1968 Gibson G101 Combo organ
1975 Rhodes Piano Bass
1979 Wurlitzer 206A EP
1980 Wurlitzer 270 Butterfly Grand
2004 Hammond XK3
2009 73A Rhodes Mark 7
2009 Korg SV-1 73
2017 Yamaha P255
2020 Kawai CA99
....and a few guitars...

Offline WurlieNewbie

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Re: Action Question
« Reply #4 on: November 09, 2021, 07:04:34 PM »
Thanks for the replies, guys.

Jenzz - How do I check to see if the damper arm springs are too loose? Is this the same as adjusting the damper regulating screws to 1mm?  Also, just curious... how do the dampers effect key resistance (do they only do this when the sustain pedal is pressed?)

Steve - I have a 200 (non A).  And yes, some of the keys wiggle more than usual.  Looking at a copy of the Wurlitzer manual, if I need to tighten any of the key bushings, that might be out of my league and will require a professional.

Offline Jenzz

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Re: Action Question
« Reply #5 on: November 10, 2021, 02:14:49 PM »
Hi .-)

These are 2 different things:

There is nothing said about these damper arm / lever springs in the manual, so i came up with my own solution: I use a spring-balance to pull the damper arms up and bend these spings slightly so that the damper arms will not move up before reaching 40-50 gramms force / weight.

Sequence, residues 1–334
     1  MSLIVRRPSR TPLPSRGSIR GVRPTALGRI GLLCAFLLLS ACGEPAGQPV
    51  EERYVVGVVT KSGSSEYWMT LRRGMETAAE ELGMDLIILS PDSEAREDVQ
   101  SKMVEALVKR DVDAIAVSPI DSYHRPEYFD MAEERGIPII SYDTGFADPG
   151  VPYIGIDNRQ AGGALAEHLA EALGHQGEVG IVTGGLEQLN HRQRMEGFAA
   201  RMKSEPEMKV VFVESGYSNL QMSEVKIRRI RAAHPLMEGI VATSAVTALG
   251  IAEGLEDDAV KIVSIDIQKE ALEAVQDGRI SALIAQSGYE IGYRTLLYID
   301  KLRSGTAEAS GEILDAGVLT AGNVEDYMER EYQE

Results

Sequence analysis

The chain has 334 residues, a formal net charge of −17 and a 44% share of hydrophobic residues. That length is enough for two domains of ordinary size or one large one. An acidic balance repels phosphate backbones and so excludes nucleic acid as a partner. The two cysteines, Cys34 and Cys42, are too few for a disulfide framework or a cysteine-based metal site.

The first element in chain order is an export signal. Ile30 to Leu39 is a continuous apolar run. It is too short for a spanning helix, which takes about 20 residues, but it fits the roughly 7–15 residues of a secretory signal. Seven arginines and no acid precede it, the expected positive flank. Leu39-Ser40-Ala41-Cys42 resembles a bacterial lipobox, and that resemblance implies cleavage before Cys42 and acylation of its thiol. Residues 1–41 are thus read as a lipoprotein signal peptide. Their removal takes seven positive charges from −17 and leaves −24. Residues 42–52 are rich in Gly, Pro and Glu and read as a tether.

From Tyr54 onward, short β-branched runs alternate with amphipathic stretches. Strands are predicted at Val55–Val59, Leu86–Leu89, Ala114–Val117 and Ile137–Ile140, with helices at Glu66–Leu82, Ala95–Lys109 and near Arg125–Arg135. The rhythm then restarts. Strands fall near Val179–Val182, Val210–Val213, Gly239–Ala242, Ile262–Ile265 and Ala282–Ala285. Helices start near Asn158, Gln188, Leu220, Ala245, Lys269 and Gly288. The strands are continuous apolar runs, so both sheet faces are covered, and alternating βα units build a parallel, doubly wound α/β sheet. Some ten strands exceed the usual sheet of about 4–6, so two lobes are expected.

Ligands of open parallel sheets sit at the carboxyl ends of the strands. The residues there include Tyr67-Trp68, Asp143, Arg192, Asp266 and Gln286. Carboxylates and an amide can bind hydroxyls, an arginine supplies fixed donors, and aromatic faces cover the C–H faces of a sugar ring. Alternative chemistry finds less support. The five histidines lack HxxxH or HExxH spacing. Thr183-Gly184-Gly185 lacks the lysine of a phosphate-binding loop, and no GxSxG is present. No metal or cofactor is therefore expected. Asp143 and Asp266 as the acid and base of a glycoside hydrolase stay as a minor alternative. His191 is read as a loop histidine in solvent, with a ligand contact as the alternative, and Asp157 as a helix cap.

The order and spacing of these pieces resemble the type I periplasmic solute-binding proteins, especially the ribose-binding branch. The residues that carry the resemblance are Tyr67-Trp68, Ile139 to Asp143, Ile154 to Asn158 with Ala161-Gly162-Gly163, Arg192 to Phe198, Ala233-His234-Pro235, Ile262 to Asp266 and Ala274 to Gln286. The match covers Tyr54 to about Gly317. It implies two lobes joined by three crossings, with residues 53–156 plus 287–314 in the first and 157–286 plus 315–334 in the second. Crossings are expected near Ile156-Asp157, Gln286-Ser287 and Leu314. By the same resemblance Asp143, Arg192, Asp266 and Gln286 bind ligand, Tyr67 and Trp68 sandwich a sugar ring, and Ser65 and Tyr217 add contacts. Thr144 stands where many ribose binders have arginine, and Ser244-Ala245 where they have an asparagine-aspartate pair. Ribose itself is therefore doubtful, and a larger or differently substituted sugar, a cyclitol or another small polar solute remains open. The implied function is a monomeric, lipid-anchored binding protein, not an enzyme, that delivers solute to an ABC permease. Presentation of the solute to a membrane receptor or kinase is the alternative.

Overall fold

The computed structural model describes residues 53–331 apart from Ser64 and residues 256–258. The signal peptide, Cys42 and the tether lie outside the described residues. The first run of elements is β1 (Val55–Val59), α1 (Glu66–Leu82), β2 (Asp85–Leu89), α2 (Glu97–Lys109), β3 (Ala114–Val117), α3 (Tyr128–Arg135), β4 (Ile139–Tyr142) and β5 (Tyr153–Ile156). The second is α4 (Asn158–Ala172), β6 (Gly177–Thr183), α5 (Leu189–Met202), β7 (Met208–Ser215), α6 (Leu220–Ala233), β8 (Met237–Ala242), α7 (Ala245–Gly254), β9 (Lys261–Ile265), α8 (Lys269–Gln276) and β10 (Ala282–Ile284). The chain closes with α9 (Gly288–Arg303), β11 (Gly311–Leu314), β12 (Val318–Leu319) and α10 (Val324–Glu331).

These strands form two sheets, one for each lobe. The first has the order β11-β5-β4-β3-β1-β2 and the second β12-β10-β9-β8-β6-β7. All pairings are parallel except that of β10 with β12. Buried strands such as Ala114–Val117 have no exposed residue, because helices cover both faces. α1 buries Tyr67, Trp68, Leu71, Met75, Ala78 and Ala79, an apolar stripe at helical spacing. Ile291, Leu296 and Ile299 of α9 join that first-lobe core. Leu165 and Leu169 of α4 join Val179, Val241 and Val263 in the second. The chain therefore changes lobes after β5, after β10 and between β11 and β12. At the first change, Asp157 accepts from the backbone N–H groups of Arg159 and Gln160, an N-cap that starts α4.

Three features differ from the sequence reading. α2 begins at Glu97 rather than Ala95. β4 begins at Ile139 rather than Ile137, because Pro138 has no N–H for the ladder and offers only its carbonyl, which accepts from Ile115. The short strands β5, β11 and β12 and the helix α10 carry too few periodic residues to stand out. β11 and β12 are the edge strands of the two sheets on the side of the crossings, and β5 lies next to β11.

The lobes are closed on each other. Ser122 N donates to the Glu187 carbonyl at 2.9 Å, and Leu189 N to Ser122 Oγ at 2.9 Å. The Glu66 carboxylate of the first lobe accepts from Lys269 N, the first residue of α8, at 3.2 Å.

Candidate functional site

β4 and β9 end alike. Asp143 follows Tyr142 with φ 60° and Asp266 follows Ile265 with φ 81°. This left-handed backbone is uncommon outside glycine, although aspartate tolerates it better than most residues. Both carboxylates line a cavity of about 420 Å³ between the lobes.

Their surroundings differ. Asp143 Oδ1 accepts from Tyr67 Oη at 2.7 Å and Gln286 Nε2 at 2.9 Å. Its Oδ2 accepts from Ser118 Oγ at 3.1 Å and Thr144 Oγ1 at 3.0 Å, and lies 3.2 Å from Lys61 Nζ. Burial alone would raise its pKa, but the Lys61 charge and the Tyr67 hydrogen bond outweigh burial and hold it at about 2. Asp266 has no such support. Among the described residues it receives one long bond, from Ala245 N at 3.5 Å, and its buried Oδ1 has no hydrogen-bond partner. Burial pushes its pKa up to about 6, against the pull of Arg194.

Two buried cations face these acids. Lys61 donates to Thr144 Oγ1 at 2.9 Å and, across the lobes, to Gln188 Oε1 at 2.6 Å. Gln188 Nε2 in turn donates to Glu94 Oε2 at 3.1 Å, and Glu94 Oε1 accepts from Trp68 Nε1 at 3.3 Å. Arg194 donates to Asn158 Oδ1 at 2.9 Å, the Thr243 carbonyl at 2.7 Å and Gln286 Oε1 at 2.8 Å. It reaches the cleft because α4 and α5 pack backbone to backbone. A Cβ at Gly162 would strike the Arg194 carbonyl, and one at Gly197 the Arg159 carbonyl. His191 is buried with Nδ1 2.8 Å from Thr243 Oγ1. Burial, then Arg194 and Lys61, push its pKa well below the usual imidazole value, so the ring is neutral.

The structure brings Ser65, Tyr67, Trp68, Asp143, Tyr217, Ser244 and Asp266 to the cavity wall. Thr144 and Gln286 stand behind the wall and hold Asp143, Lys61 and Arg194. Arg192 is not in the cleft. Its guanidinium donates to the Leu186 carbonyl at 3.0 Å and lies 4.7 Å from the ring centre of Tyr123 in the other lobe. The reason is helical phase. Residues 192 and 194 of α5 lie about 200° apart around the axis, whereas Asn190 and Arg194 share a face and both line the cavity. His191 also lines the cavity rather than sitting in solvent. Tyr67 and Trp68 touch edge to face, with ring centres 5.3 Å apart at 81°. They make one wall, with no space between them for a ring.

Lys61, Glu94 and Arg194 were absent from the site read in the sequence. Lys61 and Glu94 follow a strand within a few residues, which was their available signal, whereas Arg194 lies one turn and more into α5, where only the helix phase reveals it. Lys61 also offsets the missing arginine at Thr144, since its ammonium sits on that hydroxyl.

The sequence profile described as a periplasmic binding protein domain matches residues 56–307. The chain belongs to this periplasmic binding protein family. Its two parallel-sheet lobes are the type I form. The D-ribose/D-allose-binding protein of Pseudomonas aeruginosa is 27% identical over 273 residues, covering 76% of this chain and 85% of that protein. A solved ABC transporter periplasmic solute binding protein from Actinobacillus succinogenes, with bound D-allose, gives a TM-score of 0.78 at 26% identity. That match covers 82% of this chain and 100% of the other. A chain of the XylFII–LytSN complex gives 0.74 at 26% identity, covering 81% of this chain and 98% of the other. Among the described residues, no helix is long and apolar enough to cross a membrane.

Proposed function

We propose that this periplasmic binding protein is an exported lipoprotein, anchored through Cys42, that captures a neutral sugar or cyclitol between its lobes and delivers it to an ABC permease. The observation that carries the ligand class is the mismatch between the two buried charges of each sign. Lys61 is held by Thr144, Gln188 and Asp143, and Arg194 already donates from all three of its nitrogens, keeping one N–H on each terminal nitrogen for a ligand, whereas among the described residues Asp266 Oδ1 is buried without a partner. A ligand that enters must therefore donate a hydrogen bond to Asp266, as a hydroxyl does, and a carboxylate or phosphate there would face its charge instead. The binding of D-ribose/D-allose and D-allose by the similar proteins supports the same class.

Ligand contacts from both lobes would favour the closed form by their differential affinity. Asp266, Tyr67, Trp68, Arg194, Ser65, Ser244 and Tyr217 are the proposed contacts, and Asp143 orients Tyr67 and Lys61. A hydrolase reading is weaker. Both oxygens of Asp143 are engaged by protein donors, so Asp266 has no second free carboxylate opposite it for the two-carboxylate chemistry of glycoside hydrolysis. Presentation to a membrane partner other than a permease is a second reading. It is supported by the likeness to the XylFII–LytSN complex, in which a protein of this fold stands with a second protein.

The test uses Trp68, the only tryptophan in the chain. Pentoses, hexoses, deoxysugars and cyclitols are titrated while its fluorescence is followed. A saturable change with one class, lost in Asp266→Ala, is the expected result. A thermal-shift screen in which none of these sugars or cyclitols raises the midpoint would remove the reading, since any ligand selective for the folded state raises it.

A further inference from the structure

Refer to Fig. 2 from the manual... The damper regulating srew is the one that goes through to grommet. With key at rest, there should be an minimal play of 0,8mm between the top of the grommet and the bottom of the screw head.

To keep this measure is important esp. on the bass side. If the gap is to wide, the dampers will come down too close to the reed when the pedal is pressed. (Play and hold low A, then press the pedal and watch the damper arm moving, then you will understand...)

If you press a key, the whip pulls down the damper actuating rod / regulating screw combo. Therefore, the tension of the damper lever spring will alter key resistance.

If the lever spring is loose, the key will play light, if the lever spring is tight, the keys will play stiffer.

Jenzz

« Last Edit: November 10, 2021, 02:17:08 PM by Jenzz »
Rhodes tech in Germany
www.tasteundtechnik.de
www.spontaneousstorytelling.net

VintageVibe 64 ACL + DOD FX25B, EHX SmallStone, Tone City Sweet Cream, Pearl FG-01

Adams Solist 3.1 Vibraphone

Offline pianotuner steveo

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Re: Action Question
« Reply #6 on: November 10, 2021, 04:08:11 PM »
The only real way to tighten the bushings is to replace them with thicker felt. It's not super complicated, but can be daunting to a newbie. I don't trust the tool that is supposed to tighten them, it's too easy to break the wood.
1960 Wurlitzer model 700 EP
1968 Gibson G101 Combo organ
1975 Rhodes Piano Bass
1979 Wurlitzer 206A EP
1980 Wurlitzer 270 Butterfly Grand
2004 Hammond XK3
2009 73A Rhodes Mark 7
2009 Korg SV-1 73
2017 Yamaha P255
2020 Kawai CA99
....and a few guitars...